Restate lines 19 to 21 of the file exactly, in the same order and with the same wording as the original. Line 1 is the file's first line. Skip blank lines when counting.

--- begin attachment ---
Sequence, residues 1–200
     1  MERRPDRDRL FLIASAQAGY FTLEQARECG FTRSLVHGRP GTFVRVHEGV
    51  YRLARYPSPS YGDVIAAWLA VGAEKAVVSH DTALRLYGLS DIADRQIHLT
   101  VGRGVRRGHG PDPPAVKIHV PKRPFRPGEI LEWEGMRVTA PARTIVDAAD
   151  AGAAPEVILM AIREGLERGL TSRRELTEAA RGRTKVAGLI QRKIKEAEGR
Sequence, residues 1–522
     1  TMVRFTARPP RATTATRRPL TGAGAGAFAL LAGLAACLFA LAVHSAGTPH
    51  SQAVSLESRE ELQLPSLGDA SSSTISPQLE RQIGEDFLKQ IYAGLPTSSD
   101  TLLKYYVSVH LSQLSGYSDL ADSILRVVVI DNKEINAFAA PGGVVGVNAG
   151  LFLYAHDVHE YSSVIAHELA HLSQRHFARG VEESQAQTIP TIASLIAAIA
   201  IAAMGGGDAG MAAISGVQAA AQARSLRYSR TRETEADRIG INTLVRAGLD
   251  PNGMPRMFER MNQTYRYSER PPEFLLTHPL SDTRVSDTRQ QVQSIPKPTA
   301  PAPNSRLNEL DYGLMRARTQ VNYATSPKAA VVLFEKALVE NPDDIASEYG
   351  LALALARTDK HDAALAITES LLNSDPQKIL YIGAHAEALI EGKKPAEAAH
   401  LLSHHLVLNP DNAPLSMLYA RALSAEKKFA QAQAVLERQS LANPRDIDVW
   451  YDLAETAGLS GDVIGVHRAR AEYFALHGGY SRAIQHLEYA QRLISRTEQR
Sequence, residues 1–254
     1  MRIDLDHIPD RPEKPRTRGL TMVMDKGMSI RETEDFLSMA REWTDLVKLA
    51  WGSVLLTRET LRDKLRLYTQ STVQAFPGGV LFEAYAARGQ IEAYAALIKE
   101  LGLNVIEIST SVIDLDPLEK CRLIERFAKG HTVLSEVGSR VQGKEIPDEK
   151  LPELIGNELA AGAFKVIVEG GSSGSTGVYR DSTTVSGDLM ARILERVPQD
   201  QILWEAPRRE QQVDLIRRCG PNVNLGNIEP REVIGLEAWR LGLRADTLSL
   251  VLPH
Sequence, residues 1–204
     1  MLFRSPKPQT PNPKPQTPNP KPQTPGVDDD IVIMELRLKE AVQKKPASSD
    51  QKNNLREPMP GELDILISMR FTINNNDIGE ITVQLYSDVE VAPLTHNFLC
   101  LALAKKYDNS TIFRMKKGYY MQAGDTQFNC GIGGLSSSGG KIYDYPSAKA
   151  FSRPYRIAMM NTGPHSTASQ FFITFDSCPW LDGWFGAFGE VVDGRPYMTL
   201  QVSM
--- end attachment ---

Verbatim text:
    51  WGSVLLTRET LRDKLRLYTQ STVQAFPGGV LFEAYAARGQ IEAYAALIKE
   101  LGLNVIEIST SVIDLDPLEK CRLIERFAKG HTVLSEVGSR VQGKEIPDEK
   151  LPELIGNELA AGAFKVIVEG GSSGSTGVYR DSTTVSGDLM ARILERVPQD